A church is the perfect setting for this performance.
Central Presbyterian Church in Tarentum presents its third concert for this season — “A Bassoon Runs Through It.” It’s set for 4 p.m. March 17 with the Academy Chamber Ensemble.
The event will feature the music of Mozart, Beethoven and the Quintet for Contrabassoon and Strings by Willy Hess.
The Academy Chamber Ensemble is made up of Warren Davidson on violin, Leah Givelber on violin, David Sinclair on viola and Paige Riggs on cello. Joining the group is Amy Baker, a bassoonist.
“These more intimate concerts are even more rewarding because the communication with the audience is more direct and personal,” says artistic director Davidson, who holds a doctorate in musical arts. “On a large stage, in a big hall, the audience is a little bit anonymous, but in a smaller venue you see the expressions on the faces of the people there as you play and speak. And that’s a really nice feeling.”
Of all the places he’s performed, these concerts are special because he knows the other musicians well — they are more than colleagues.
“Part of the fun is making music with your friends and sharing that with the audience,” Davidson says. “You know each other, and that connection comes through in the music, and is communicated to the audience.”
Attendees will have the opportunity to meet the musicians after the show. “We look forward to meeting those who attend the concert,” Davidson says. “We don’t always get to meet the people we perform for, so this adds another dimension to the event.”
Baker says she is excited to play with the group.
“We will be playing music (the audience members) don’t normally hear,” she says. “And I love doing that and making music with all these great musicians.
“The church is the perfect concert to bring someone who has never heard this music before,” Baker says. “We can’t wait to perform.”
About the ensemble
The Academy Chamber Ensemble consists of leading players from the Pittsburgh area, many of whom are faculty members at colleges and universities.
The programs focus on the great classical chamber music tradition but sometimes include musical rarities and contemporary works. This performance is part of the fifth season of concerts at the church, which offers these programs as part of its mission outreach to the community.
“To hear this caliber of music, you would have to go into the city of Pittsburgh,” says Dave Rankin of Natrona Heights, a lifelong member of the church, who is handling publicity for the concert.
Meet the musicians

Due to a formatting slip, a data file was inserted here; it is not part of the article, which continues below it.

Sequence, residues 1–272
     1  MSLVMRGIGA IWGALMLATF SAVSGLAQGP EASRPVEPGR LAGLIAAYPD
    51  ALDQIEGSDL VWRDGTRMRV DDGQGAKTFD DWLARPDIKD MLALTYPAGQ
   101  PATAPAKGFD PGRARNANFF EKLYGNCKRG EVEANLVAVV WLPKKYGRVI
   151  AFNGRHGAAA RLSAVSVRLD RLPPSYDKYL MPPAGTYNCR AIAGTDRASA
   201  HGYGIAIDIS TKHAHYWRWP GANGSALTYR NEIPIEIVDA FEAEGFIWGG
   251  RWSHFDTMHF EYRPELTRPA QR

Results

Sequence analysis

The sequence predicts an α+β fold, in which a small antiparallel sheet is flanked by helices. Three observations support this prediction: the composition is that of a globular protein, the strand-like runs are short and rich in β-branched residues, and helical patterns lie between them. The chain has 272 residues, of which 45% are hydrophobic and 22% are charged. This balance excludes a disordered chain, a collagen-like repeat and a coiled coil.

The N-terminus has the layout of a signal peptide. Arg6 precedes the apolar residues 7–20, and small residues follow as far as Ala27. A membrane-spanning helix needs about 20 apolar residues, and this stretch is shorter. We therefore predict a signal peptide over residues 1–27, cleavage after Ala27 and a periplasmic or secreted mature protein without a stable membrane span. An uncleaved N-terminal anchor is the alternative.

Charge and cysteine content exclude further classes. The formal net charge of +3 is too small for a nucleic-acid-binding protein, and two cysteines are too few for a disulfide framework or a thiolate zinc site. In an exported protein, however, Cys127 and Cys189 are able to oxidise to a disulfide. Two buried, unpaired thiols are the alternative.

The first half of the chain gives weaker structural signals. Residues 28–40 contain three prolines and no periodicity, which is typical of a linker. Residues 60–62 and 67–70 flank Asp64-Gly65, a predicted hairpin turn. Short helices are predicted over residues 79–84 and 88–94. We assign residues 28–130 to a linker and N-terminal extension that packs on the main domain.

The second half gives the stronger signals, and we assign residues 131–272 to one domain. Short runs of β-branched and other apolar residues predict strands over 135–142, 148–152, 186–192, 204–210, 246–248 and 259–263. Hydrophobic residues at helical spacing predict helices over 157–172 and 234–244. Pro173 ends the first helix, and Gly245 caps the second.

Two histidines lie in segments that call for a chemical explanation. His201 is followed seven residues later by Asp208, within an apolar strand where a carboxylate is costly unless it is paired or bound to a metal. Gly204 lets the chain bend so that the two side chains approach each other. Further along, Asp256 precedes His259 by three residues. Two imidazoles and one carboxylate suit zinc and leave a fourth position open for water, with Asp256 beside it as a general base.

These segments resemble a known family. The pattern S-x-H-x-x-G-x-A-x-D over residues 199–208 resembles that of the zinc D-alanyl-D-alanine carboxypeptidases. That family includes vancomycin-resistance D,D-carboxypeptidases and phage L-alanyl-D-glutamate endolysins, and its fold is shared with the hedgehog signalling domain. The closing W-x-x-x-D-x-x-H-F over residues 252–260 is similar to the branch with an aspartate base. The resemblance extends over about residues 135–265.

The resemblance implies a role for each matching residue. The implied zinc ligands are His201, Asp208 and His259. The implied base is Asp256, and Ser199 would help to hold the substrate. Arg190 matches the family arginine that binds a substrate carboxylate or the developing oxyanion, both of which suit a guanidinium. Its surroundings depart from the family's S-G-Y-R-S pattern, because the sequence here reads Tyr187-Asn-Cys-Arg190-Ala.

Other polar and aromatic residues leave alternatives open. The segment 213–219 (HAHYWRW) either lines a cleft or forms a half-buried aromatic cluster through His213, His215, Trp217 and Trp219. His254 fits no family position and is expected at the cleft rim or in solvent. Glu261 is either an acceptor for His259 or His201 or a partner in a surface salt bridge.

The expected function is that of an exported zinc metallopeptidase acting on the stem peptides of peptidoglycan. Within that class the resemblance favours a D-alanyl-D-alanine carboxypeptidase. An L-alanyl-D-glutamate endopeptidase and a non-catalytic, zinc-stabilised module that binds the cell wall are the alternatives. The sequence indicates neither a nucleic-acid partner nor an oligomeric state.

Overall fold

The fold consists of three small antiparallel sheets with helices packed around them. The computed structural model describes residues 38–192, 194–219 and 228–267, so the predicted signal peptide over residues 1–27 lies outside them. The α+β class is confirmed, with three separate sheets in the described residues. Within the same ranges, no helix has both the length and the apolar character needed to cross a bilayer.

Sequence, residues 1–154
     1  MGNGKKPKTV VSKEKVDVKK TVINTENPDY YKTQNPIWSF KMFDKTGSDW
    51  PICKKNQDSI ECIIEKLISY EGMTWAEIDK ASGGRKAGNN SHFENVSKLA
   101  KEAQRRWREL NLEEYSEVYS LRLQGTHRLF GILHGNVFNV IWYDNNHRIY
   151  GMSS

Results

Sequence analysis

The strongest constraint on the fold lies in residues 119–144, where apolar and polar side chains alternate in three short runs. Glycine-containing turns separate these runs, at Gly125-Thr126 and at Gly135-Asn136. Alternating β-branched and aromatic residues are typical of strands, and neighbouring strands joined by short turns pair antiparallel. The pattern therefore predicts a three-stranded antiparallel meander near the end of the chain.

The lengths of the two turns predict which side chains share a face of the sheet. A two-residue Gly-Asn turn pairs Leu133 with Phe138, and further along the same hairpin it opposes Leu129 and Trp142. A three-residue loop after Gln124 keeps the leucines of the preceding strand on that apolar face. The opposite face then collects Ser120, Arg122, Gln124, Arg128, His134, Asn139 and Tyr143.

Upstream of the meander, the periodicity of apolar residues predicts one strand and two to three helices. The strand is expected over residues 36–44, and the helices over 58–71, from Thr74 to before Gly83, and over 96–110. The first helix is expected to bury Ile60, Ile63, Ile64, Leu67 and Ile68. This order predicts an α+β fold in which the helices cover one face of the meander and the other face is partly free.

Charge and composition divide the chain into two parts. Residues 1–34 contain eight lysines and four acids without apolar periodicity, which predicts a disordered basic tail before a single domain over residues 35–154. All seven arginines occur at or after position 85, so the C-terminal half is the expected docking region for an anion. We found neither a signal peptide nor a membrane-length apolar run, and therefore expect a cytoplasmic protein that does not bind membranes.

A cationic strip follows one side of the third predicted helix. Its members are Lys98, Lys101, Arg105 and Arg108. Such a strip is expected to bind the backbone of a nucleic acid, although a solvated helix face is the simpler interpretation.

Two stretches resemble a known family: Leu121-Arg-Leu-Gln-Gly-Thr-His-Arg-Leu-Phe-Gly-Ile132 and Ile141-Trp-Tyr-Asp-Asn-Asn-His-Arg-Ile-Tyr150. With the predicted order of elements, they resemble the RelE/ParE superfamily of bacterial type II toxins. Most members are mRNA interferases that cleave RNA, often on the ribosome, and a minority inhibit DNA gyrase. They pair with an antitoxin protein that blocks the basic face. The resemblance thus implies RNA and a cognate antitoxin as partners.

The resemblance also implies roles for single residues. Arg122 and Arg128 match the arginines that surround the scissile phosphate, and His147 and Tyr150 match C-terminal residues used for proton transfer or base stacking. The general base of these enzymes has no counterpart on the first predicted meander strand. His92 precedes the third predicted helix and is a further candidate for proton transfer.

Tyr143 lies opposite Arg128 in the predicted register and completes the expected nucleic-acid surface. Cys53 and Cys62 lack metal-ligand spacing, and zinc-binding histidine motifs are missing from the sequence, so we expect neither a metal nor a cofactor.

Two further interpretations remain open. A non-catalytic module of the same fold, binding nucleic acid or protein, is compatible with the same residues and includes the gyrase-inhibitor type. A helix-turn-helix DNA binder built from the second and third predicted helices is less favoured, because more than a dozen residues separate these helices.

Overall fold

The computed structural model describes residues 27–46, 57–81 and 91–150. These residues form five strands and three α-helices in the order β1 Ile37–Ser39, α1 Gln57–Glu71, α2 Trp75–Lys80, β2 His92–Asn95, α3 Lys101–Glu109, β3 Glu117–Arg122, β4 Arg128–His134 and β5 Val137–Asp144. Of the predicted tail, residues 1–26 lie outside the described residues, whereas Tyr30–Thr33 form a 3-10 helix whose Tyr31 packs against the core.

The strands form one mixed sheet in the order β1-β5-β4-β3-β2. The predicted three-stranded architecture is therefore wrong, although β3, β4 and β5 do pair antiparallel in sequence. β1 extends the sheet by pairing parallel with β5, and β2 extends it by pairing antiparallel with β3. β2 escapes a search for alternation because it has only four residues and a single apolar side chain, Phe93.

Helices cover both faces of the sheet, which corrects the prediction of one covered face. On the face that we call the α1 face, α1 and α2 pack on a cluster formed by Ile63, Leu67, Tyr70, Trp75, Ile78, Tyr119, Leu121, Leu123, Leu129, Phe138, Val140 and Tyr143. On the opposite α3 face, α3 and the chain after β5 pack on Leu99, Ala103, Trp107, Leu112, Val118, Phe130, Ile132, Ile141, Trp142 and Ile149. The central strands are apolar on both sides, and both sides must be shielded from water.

Warren Davidson: He serves on the faculty of Slippery Rock University and is concertmaster of the Westmoreland Symphony, artistic director of the Academy Chamber Orchestra and music director of the Pittsburgh Civic Orchestra. A native of Western Pennsylvania, Davidson grew up on American folk music and jazz, and has extensive experience in folk music of Eastern Europe. He holds graduate degrees from Duquesne University, the University of Pittsburgh and West Virginia University.
David Sinclair: The Western Pennsylvania native was largely self-taught before beginning his undergraduate work. He received a bachelor of music with distinction in viola performance from the Eastman School of Music and holds a master of music and artist diploma in viola performance from Duquesne University. Sinclair is currently the principal violist with the Westmoreland Symphony Orchestra in Greensburg, in addition to his work as a chamber musician. He has been on the faculty of Seton Hill University since 2000.
Paige Riggs: A graduate of the Eastman School of Music, Indiana University, and the State University of New York at Stony Brook, she currently serves on the music faculty of Slippery Rock University and is principal cello of the Westmoreland Symphony and the Academy Chamber Orchestra. For the past 15 summers, she has been principal cellist of the Shenandoah Valley Bach Festival in Harrisonburg, Va., and more recently has been performing with the Music From Land’s End Festival in Wareham, Mass.
Leah Givelber: A performing violinist in the Pittsburgh area, she is also a Suzuki violin teacher and vice president of academic affairs at the Center for Young Musicians. She began playing the violin at age 5 and holds degrees from the Eastman School of Music in Rochester, N.Y., and New England Conservatory in Boston.
Amy Baker: She began her study on the bassoon while in high school . Baker earned her bachelor of music degree in performance from the Cleveland Institute of Music. She continued her musical education at Cleveland State University. Baker graduated with a masters of music degree with a concentration in music education in 2017 from Eastern Kentucky University. She is a member of the woodwind quintet Cincopation. She is the second bassoonist/contrabassoonist for both the Westmoreland Symphony and the Academy Chamber Orchestra and was recently appointed 3rd bassoonist/contrabassoonist with the Johnstown Symphony Orchestra. Baker is an adjunct bassoon instructor at Slippery Rock University.
What you will hear
Franz Krommer, “Quartet for Bassoon in Bb major, Op 46 No 1”
Willy Hess “Quintet for Contrabassoon and Strings”
W. A. Mozart “Sonata in Bb for Bassoon and Cello K 292”
L. van Beethoven “String Quartet Op 18 No 2”
L. van Beethoven “Praeludium and Fugue in F Major”